Dear Porky and Buddy,
My cat, Nelly, is overweight and not in the best of health (not for reasons related to her weight, so don’t try to make me feel guilty about that) but as a result she is not very good at grooming herself.
In fact, she is sort of grungy. I am thinking she would feel better, and so would I, if I could give her a bath.
Do you think that is a good idea? And how would I go about doing it?
Cats generally do a good job of keeping themselves clean but, sometimes not so much, and it sounds like this is one of those times. It can be done, but you need a plan.
Here is what we would suggest.
Get your stuff ready and use the kitchen sink. Because it is smaller than the tub it will likely be less frightening to Nelly. Put a rubber mat in the bottom and have your shampoo, several towels, cat shampoo, a large cup and a clean sponge or cloth all ready. Preferably also a helper.
Run about two to three inches of body-temperature water into the sink, just enough to come up to Nelly’s s belly. (We love saying that.) It should not feel either hot or cold on your wrist.
Place a capful of the cat shampoo in a cup of warm water. You don’t want to scare her with cold shampoo.
Pick Nelly up and lower her gently but quickly into the water, talking calmly to her while you do it. This where your helper comes in handy.
Give her a few minutes to relax and get used to the water. Keep talking and petting her
Turn on the shower spray and, and holding it right up against her skin, wet her body, but not her face.
If the shower spray freaks her out, you can also try just a pitcher of body temperature water to slowly pour on her. You will definitely need a helper to do it that way.
When she is wet all over, pour the diluted shampoo evenly over her entire body, again staying away from the head.
Massage the shampoo gently into her fur for several minutes.
Rinse well, using body-temperature water and the shower nozzle, (or the pitcher of water) stroking it the way you would a brush, in long strokes from the base of her neck down over her tail. You can gently pat some water on her tummy with your other hand.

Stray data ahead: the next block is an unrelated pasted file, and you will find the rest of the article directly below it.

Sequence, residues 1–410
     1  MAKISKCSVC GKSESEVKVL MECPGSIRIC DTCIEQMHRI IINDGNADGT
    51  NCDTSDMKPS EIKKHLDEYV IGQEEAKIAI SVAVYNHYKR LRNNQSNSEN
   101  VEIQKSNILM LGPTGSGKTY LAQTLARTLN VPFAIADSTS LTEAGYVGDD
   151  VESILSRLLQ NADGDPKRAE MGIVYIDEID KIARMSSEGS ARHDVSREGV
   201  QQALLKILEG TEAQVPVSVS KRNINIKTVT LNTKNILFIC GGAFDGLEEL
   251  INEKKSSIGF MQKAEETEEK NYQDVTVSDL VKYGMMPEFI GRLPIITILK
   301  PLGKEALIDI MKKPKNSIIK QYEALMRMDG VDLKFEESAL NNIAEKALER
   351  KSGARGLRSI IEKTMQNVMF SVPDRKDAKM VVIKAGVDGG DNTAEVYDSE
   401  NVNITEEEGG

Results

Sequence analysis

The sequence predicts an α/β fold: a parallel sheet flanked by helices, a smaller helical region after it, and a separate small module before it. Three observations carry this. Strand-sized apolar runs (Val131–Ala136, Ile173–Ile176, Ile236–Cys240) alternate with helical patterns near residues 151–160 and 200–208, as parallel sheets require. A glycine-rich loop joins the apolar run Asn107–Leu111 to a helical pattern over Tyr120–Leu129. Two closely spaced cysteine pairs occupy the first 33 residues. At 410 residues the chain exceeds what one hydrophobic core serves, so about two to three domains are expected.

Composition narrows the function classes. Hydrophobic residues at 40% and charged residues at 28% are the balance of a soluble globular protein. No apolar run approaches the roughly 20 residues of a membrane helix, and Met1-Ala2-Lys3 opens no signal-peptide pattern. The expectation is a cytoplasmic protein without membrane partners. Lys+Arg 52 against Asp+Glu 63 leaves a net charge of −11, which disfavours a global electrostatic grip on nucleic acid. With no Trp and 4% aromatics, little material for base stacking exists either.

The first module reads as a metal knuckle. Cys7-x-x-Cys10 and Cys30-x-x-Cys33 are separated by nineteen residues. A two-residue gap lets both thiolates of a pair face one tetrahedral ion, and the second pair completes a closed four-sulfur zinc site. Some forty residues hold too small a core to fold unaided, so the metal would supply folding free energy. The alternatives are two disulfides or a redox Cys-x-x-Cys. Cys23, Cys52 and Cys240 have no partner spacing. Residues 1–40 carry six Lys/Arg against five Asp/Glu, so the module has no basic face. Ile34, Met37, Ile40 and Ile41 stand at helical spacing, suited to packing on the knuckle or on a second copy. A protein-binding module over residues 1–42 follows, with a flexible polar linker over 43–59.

Give her several long petting strokes with your hand to slick away excess water and to test for any remaining soapiness.
Keep rinsing until all evidence of soap is gone. This is very important, as soap residue can dry and irritate her skin.
With a clean cloth or sponge, wipe down the back of her head and her muzzle, again being careful to avoid her eyes, ears and mouth.
Using a large bath towel, lift Nelly out of the sink and pat her down, using the towel to blot up as much water as possible.
Do it again, using another clean towel, then leave her alone to continue the drying process by herself. Don’t forget to keep petting and talking to her. A treat won’t hurt. She is obviously used to them!
And here is there the guilt comes in. Talk to your vet about how to get her weight under control. Really! That’s another column, but it’s an important issue for pets.
Here’s a thought! Nelly might lose some weight if she had a playmate (other than you, of course). You could adopt one for her from the Oswego County Humane Society.
All of their wonderful, energetic and fun pets for adoption can be viewed at www.oswegohumane.org
The Oswego County Humane Society provides spay/neuter services and assistance, fostering and adoption of animals in urgent need, humane education programs, and information and referrals to animal lovers throughout Oswego County.
Our office is located at 265 W. First St., Oswego, NY.
Phone (315) 207-1070.
Email: [email protected]
Because people and pets are good for each other!